Encoding via conjugate symmetries of slow oscillations for globally coupled oscillators
University of Exeter
Physical Review E
American Physical Society
We study properties of the dynamics underlying slow cluster oscillations in two systems of five globally coupled oscillators. These slow oscillations are due to the appearance of structurally stable heteroclinic connections between cluster states in the noise-free dynamics. In the presence of low levels of noise they give rise to long periods of residence near cluster states interspersed with sudden transitions between them. Moreover, these transitions may occur between cluster states of the same symmetry, or between cluster states with conjugate symmetries given by some rearrangement of the oscillators. We consider the system of coupled phase oscillators studied by Hansel et al. [Phys. Rev. E 48, 3470 (1993)] in which one can observe slow, noise-driven oscillations that occur between two families of two cluster periodic states; in the noise-free case there is a robust attracting heteroclinic cycle connecting these families. The two families consist of symmetric images of two inequivalent periodic orbits that have the same symmetry. For N=5 oscillators, one of the periodic orbits has one unstable direction and the other has two unstable directions. Examining the behavior on the unstable manifold for the two unstable directions, we observe that the dimensionality of the manifold can give rise to switching between conjugate symmetry orbits. By applying small perturbations to the system we can easily steer it between a number of different marginally stable attractors. Finally, we show that similar behavior occurs in a system of phase-energy oscillators that are a natural extension of the phase model to two dimensional oscillators. We suggest that switching between conjugate symmetries is a very efficient method of encoding information into a globally coupled system of oscillators and may therefore be a good and simple model for the neural encoding of information.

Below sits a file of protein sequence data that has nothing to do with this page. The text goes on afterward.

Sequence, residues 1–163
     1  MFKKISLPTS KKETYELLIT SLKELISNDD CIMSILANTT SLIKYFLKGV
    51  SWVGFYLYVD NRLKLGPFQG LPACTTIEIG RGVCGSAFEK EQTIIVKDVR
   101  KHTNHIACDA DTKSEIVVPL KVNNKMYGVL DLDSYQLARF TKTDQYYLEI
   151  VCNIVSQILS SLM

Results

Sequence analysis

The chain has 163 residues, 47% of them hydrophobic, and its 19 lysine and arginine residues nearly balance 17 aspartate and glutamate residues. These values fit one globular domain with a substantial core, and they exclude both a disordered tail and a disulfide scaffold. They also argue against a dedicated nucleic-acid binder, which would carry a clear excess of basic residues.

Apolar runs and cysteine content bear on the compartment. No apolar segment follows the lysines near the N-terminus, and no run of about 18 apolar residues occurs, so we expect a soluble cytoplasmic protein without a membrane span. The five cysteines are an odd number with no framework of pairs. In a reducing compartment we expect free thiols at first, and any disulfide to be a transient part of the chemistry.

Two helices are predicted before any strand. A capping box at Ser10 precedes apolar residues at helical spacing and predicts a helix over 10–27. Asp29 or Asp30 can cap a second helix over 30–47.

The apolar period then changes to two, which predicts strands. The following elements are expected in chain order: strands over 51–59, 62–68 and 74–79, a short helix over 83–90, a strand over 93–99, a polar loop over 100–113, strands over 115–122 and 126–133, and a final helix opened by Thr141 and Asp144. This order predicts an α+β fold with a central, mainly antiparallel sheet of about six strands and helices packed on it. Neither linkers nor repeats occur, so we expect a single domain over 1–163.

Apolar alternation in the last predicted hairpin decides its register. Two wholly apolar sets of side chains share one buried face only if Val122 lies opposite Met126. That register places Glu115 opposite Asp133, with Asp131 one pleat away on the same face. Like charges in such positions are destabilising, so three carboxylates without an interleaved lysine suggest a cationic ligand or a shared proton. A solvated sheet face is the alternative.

Peter Ashwin and Jon Borresen, Physical Review E, Vol. 70, p. 026203 (2004). "Copyright © 2004 by the American Physical Society."
70, p. 026203